Pam Seiler walked into retirement when she left her Destination Sturgeon Bay (DSB) office on 3rd Avenue on Wednesday, officially passing the torch to her successor, Cameryn Ehlers-Kwaterski.
The executive director of the nonprofit organization has spent the past seven years tending to the economic vitality of local businesses and the good times of both visitors and residents alike. With funding from room-tax dollars and the City of Sturgeon Bay, DSB coordinates major events and special activities throughout the year, promotes Sturgeon Bay, fundraises and coordinates various initiatives, including projects such as the makeover of Graham Park or Walkable Sturgeon Bay or the wayfinding signage system installed late last year.
“It’s the best job anyone could ever ask for,” Seiler said. “We get to be part of everyone else’s memory making. This is their happy place; this is the place people bring their kids to have their memories that set up for the next generation. What could be better than that?”
Seiler’s taking early retirement to spend time with her already-retired husband, Rick, 68, who is 10 years older than she is.
“I like my husband too much not to want to spend time with him,” she said.
Seiler met her husband after graduating from college and moving to Door County to tend the home-interior stores she owned with her mother and sister – one in her hometown of Racine and a second store in the Main Street Shops in Egg Harbor. She intended to work for a season, but instead found her life.
“After the three months, I felt I had better friends here than anywhere in my entire life and figured out a way to stay,” she said.
The business expanded and attracted a buyer. They sold the store, and Seiler, married with two small children by then, became a full-time mom. She returned to the workforce in 2009 on a part-time basis at the Volunteer Center of Door County, a nonprofit organization that closed earlier this year.
She was urged to apply for her current position in 2014 by the person who was leaving it: Todd Trimberger, owner of Lifestyles by Bliss at the Marketplace on 3rd Avenue and current chair of the Destination Door County board.
“You want somebody to love and be passionate about this position as much as they possibly can,” Seiler said.
She landed the job with the understanding that they were event planners, “and that’s what we did: promoted Sturgeon Bay and produced events. Todd was such an incredible leader in those two sectors that I couldn’t touch that. I could maintain what he had done, but that was not my expertise.”
As a former finance major and owner of a retail business, Seiler instead played to her strengths of building relationships and adding a business structure to the operation. In doing so, she earned a seat at the table with the City of Sturgeon Bay and Door County Economic Development Corporation.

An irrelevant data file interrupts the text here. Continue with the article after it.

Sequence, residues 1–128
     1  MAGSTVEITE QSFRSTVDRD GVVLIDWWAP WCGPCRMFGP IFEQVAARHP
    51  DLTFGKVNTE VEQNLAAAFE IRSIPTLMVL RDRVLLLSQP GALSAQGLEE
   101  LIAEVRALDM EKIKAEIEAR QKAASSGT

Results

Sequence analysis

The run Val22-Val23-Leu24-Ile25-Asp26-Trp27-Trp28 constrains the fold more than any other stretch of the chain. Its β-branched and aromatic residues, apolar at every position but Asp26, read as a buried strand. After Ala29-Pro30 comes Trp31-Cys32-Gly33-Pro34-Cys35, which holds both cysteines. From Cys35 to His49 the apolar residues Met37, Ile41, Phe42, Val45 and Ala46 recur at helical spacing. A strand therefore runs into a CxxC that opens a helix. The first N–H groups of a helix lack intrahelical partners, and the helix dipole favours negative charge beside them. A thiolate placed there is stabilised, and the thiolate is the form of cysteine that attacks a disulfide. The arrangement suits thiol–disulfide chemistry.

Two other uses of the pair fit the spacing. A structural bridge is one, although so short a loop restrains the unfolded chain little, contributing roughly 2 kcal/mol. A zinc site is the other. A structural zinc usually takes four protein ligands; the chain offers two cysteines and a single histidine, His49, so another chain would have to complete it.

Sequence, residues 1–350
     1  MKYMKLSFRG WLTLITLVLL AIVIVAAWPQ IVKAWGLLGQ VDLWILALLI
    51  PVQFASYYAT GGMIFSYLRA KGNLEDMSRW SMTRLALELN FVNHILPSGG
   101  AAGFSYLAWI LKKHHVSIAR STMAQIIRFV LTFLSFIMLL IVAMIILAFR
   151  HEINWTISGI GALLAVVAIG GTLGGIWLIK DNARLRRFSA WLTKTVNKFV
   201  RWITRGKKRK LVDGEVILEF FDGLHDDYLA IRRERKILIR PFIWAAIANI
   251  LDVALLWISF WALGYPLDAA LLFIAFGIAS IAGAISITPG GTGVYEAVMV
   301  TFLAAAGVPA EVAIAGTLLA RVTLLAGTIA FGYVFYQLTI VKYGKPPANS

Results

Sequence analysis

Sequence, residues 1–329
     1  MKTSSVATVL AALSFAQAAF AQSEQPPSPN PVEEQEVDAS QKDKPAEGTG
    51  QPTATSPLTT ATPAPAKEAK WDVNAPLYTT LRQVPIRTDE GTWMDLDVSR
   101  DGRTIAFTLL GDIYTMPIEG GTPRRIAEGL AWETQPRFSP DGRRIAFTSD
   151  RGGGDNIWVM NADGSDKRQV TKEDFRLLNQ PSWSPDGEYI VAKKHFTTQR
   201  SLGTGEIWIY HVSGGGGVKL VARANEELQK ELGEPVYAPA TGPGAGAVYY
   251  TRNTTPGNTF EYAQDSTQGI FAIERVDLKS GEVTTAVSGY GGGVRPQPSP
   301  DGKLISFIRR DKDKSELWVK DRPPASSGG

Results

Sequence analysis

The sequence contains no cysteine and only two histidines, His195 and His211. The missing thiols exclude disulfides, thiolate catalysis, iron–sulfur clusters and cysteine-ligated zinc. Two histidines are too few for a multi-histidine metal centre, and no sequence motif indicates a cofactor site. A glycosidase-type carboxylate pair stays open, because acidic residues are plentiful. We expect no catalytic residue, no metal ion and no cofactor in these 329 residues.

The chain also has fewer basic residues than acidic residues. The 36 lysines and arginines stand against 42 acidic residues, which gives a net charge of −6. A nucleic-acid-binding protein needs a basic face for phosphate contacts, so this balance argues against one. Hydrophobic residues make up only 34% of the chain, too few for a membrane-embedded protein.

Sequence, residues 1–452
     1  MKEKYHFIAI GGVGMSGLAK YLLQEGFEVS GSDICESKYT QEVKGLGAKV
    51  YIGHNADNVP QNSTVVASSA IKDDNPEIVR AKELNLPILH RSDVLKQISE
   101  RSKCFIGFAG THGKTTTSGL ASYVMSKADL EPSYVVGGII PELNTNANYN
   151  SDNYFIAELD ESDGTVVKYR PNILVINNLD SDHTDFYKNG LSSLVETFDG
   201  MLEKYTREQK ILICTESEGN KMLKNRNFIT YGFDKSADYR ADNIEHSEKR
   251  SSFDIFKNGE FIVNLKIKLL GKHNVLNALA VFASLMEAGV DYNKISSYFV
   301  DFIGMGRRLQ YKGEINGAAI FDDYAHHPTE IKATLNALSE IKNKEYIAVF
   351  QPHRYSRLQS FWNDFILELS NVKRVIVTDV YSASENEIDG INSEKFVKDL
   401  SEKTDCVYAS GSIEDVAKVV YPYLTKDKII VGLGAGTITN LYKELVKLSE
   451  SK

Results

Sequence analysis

“We were a three-legged stool,” she said.
From that seat, Seiler gained access to the overall vision for the city and the various perspectives of employers and their needs. In turn, she saw the role of her office as one that helped to elevate the city’s quality of life and draw people to both visit and live.
Destination Door County markets and promotes the county as a whole, but community events – whether in Sturgeon Bay or Egg Harbor or Sister Bay – are the domain of community or business associations. Individual communities established those offices when the room tax was implemented in 2007 and tax dollars began flowing back into communities for local tourism marketing and promotion.
But those offices are small, with no upward mobility, and few, if any, benefits. Event production is also physically demanding and time consuming, requiring night and weekend work.
There’s a flip side, of course: “You listen to everybody laughing, and you see the smiles and the selfies,” Seiler said. But still, the job remains a high-turnover position that has made Seiler, at seven years, the longest serving of any of the existing community coordinators.
With the room tax increasing from 5.5% to 8% starting in 2022, all of the community associations will receive more funding. She said those additional dollars could make compensation and benefit packages more attractive, bringing some stability to the positions by turning them into careers rather than jobs.
Seiler announced her retirement earlier this year, and the vacancy brought Door County native Ehlers-Kwaterski back home with her family. That leaves Sturgeon Bay’s event management and project coordination in the competent hands of Ehlers-Kwaterski, who will in turn be backed by a supportive board and a solid network of community coordinators.
“I cannot say enough about the support of the community coordinators,” Seiler said. “We always met, and we always got together as a group because most of our offices are one and two people. We don’t have a team, so we formed our own.”
Ehlers-Kwaterski arrived in September and moved into Seiler’s office while Seiler shifted to a front-office desk and made it a priority to prepare her successor. Part of those preparations have included advice about how to set boundaries to achieve work-life balance.
“Don’t say yes to things that make you say no to your family,” she said.